construction worker wiping his forehead in the heat

Beating the Heat: Occupational Workers Exposed to Environmental Heat

The summer months are an important time to recall the dangers that extreme heat causes for those men and women who work outdoors. According to the Bureau of Labor Statistics, between 1992 and 2007, a total of 461 worker deaths occurred due to exposure to environmental heat. The illnesses that extreme heat exposure can inflict upon those in the agricultural, construction and roofing industries, to name a few, can and should be avoided.

Heat stress and heat stroke are two heat-related illnesses that occupational workers need to be aware of. Heat stress is characterized by one or more of the following: profuse sweating, dizziness and fainting, fatigue, intense headaches and nausea. Heat stroke is characterized by excessive body temperature (over 103°), red, dry skin (sweating has ceased), disorientation and altered behavior. If these symptoms are recognized in a fellow worker, call 911 immediately and remove the person to a cool or air-conditioned area.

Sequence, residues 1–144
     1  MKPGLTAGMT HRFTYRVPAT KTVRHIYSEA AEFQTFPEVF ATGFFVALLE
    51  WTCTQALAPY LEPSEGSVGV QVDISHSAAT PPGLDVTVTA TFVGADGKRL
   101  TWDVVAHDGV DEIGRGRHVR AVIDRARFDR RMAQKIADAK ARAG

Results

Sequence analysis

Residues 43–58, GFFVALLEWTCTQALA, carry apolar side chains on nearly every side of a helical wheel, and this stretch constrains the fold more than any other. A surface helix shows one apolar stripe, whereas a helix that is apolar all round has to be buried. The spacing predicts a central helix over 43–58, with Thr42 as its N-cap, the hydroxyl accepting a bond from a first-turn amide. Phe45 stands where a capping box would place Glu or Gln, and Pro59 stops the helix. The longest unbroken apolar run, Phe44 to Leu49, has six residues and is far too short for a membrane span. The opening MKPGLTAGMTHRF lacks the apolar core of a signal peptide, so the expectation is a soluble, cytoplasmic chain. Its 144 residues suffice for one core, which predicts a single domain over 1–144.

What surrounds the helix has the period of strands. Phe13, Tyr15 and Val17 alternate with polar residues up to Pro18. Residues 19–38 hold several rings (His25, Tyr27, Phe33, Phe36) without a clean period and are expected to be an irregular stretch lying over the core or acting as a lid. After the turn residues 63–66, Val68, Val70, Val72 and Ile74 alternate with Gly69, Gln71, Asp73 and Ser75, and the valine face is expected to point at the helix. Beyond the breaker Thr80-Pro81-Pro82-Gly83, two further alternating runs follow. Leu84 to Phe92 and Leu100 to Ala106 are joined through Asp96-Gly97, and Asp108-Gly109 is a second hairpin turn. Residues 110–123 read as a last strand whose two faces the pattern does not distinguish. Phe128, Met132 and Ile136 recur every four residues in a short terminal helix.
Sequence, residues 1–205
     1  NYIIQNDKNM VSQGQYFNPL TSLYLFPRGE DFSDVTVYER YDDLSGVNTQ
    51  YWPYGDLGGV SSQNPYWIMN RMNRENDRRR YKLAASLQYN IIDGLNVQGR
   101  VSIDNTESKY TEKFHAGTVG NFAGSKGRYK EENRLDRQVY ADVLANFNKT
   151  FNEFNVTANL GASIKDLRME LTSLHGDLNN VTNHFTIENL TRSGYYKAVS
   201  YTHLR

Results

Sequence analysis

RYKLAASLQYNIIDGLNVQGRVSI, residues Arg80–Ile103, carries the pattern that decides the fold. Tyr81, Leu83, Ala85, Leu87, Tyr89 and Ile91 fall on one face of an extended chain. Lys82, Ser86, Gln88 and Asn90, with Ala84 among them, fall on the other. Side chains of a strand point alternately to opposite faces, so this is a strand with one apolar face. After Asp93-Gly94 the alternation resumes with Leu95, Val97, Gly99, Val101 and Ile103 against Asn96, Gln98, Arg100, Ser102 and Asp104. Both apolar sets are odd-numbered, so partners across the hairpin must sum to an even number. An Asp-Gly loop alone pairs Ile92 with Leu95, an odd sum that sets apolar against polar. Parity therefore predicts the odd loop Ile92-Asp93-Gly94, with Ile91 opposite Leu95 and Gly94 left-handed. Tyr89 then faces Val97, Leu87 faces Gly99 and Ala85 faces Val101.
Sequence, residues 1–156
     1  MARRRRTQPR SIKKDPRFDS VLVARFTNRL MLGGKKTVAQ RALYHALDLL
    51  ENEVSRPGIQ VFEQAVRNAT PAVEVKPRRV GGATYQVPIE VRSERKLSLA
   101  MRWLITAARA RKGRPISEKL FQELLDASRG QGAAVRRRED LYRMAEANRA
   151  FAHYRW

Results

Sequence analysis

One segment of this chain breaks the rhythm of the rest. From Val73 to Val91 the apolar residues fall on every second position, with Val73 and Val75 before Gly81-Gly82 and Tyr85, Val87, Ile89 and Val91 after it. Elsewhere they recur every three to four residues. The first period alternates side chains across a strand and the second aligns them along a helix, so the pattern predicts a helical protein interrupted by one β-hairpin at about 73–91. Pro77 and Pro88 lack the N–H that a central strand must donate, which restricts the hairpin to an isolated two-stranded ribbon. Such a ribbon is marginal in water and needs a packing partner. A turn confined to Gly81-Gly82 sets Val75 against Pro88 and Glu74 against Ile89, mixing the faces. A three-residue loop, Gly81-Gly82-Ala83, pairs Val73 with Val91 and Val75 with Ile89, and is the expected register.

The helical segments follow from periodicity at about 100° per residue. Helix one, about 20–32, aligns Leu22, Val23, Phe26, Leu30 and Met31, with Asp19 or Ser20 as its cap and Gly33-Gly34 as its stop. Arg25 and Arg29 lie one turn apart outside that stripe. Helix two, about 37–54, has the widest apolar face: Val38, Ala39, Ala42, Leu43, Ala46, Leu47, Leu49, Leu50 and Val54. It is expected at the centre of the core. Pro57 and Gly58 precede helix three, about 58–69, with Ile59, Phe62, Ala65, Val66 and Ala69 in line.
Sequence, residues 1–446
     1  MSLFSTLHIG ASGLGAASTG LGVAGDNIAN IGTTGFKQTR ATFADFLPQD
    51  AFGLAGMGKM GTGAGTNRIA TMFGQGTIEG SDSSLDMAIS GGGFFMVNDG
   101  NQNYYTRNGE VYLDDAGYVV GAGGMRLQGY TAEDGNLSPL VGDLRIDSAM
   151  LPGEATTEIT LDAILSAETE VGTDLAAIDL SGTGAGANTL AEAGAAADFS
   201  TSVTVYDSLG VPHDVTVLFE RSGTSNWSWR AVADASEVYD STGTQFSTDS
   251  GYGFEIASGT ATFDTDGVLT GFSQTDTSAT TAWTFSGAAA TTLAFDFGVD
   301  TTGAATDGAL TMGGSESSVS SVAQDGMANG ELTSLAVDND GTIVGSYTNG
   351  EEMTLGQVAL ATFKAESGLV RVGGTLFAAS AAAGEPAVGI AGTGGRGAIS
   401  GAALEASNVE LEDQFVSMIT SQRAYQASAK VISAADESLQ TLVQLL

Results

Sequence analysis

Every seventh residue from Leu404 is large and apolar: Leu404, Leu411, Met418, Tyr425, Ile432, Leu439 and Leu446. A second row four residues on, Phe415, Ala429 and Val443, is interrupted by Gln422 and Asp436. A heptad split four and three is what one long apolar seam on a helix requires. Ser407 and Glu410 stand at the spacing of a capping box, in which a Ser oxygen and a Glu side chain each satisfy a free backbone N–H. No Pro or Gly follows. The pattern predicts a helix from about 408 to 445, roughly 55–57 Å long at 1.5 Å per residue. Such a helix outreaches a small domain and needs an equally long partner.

Skin cancer is another illness that needs to be addressed. Whether it is summer or not, if the sun is shining you are in danger of being exposed to harmful UVA and UVB rays that cause skin cancer. If you work outside wear a sunscreen that has an SPF of at least 15.

Some common sense practices can help occupational workers avoid the dangers of sun and heat exposure. These include staying hydrated throughout the day (avoid caffeinated and alcoholic beverages), taking frequent breaks in the shade or air conditioning if possible, wearing light-colored clothing that allows your skin to breathe, blocking out direct sunlight, and wearing sunscreen and sunglasses that provide UV protection.


This information is provided as a service to you by Compliance Consultants, Inc.

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